Repeat the process for the remaining 8 groups until you have made 9 Dresden Plates.

Using thread to match the solids not the background fabric, applique each Dresden to the centre of a Background fabric 21" square.  I used Aurifil 50wt thread, 80wt thread is also lovely for applique.

For the centre circles, using the 3" and 5" circular Poppsy Doodle Dandy templates* (or make your own circular templates),  prepare in your chosen method of applique: 
  • (9) 5" circles from the Background fabric
  • (9) 3" circles from the 4" squares of solid fabrics put to one side earlier,  make (1) in each colour
*Remember that the Poppsy Doodle Dandy Acrylic templates are finished size and DO NOT include seam allowances.

For my circles, I used the Interfacing Method of applique, for which you can find 'a little happy' tutorial HERE.

Once appliqued to the centre of the Dresden Plates, trim the background squares to 20 1/2" taking care to keep the Dresden Plates centred.  Then with RST sew them together in a 3 x 3 layout.

Layer with wadding and Backing fabric.  Allowing for a 4" overhang whilst quilting, you will need a minimum of 175cm if purchasing a wideback 108" fabric.  If you are planning on using standard quilting width fabric you will need double this as you will have to join two lengths.

Quilt as desired.

Finally add your binding.  On this occasion, I chose to bind using the same background fabric so that the focus remained on the pretty Dresdens.  You will need 1/2 metre of fabric.

Here's another picture of my quilt.....

Obviously I couldn't stop at just one quilt and the eagle eyed will have spotted that in addition to the 5" & 3" circle acrylic templates in the set, there is also a 1" circle... oh what fun can be had with that.......

I couldn't resist making a mini quilt, which equally could be cushion/pillow.  I used a pretty 'colour wheel' inspired mix of 20 Liberty of London Tana Lawns, tipped in Art Gallery Pure Elements in White Linen, appliqued on to Essex Linen in Putty.  Oh what a gorgeous combination of fabrics to sew with!

I made this using the method described above, all be it with 20 fabrics rather than the 10 and I cut my background square slightly smaller so I could cut it from a Fat Quarter.  So I cut as follows:

For the Dresden Blades, from each of 20 different Liberty fabrics (this is a great scrap buster) cut:
  • (1)  5" x 3 1/2" rectangle
  • (1)  2" Square
For the tips of the Dresden Blades, from a Fat Quarter of Pure Elements White Linen cut
  • (20)  1 1/2" x 3 1/2" White Linen rectangles
  • (1)    4" square White Linen
From a Fat Quarter of Essex Linen in Putty cut:
  • (1)    19 1/2" square (trimmed back to 19" after applique)
  • (1)    6 1/2" square 
  • (1)    2" square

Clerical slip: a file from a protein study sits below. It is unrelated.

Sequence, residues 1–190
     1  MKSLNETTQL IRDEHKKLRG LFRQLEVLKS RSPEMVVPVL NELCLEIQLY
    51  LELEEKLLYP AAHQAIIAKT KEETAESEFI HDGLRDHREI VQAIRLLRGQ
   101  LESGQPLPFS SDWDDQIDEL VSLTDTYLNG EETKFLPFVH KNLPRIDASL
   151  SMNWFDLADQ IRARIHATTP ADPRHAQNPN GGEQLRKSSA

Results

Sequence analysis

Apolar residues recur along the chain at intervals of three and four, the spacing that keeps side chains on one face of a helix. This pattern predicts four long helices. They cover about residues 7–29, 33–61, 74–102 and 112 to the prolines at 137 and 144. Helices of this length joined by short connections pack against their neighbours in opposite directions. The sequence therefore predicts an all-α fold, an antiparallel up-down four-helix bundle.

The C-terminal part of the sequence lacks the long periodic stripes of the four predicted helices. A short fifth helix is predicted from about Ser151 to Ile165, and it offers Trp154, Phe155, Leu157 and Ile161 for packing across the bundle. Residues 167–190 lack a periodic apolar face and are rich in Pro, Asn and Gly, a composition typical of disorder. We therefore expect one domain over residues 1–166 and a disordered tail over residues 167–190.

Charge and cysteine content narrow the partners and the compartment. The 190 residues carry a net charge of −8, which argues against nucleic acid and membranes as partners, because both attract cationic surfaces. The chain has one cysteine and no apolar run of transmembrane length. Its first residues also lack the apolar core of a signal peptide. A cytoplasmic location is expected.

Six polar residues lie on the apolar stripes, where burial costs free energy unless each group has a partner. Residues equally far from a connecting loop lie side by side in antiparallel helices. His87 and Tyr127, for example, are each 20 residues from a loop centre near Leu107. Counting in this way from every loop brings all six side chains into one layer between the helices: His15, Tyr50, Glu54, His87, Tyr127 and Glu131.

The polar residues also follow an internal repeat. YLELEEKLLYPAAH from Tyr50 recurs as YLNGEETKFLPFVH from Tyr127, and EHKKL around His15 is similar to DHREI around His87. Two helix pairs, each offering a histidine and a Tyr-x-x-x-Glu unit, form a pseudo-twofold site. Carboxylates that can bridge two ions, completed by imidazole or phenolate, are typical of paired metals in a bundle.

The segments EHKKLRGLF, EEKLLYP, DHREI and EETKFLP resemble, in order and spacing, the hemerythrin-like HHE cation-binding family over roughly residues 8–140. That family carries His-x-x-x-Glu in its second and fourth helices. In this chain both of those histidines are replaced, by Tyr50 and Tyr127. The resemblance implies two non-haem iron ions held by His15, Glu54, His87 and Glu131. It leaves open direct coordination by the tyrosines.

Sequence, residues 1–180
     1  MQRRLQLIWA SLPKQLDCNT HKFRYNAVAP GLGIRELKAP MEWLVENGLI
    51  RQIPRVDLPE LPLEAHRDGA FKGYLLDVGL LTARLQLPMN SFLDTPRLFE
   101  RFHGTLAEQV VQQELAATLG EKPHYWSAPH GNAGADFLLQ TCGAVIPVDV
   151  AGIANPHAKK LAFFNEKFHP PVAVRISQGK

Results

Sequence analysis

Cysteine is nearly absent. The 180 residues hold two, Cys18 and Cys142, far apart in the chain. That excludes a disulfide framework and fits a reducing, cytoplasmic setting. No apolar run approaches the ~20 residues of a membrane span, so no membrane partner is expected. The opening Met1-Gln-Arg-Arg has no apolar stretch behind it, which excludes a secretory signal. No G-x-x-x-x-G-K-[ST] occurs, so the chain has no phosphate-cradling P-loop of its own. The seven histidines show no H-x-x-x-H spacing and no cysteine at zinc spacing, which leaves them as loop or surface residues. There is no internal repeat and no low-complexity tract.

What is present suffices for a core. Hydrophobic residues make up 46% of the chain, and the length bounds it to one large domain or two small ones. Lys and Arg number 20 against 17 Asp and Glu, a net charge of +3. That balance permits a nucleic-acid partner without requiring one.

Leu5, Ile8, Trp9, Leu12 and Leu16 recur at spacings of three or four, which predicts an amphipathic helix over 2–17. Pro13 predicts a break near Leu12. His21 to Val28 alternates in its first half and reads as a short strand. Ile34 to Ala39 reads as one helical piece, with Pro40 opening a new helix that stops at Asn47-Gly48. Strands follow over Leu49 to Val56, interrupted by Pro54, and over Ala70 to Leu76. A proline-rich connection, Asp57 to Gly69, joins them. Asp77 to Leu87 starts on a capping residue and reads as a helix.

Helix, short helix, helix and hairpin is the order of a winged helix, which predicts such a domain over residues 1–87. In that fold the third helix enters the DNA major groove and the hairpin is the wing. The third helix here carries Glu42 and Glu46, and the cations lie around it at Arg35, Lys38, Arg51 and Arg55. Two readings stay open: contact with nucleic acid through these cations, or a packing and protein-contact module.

As you can see for my Liberty Poppsy Doodle Dandy, I used the 1" circle to add a third circle in the centre from the linen and made 20 circles using the Liberty which I appliqued just above the tips of the Dresden Plate......

For smaller circles I find the best applique method, is one that I saw Sarah Fielke demonstrate on one of her You Tube video's.  First off, you make some 1" cardboard circles.  I cut mine from an old cereal boxe and write the circle size on them,  I then keep and reuse them.  Cut the fabric approx 1/4"  larger than the cardboard circle.  Then using silver foil, make a little parcel wrapping the fabric around the cardboard circle, take your time with this.  Then iron, the heat marks a crease on the circumference and folds under the seam allowance, leaving you with perfect little circle ready to applique in place.

In keeping with the colour wheel inspiration I then used 20 different colours of Aurifil 12wt to hand quilt, although it would look just as lovely hand quilted in my favourite shade  Muslin #2311.

I used my favourite Hera Marker to mark the crease line (which is what I also used on the main quilt).

All that is left to do is add the binding!

So there you have two different versions of the Poppsy Doodle Dandy quilt!  Below you can find a list of the scrummy supplies I used and talked about today.


A Quilt Top Kit which includes the Tilda, Bella Solids and Background fabrics I used, with the option to add the binding fabric is available HERE

The Poppsy Doodle Dandy Acrylic Ruler and Template set is available HERE

I had my favourite Aurifil 50wt in #2311 in my sewing machine and I used the following shades to applique #2830, #2845, #2910, #5016, #2410, #4020, #2150, #5001 & #2720.  

The Aurifil 12 wt colours I used for the hand quilting were #2260, #2277, #2230, #2150, #2214, #2975, #2130, #2110, #2908, #2882, #2888, #2845, #1148, #2710, #2720, #2783, #2520, #2410, #2479, #4020 You can find all our Aurifil HERE

Thanks again for popping by my blog and I hope that you enjoy making your version of the Poppsy Doodle Dandy quilt.  Make sure that if you share a picture, so that mum and I can take a peek, that you use the following hashtags when you share on social media:


See you again soon!


  1. Such a sweet quilt! Poppy is one lucky girl and using Tilda...drool worthy. I love your design, thank you for sharing!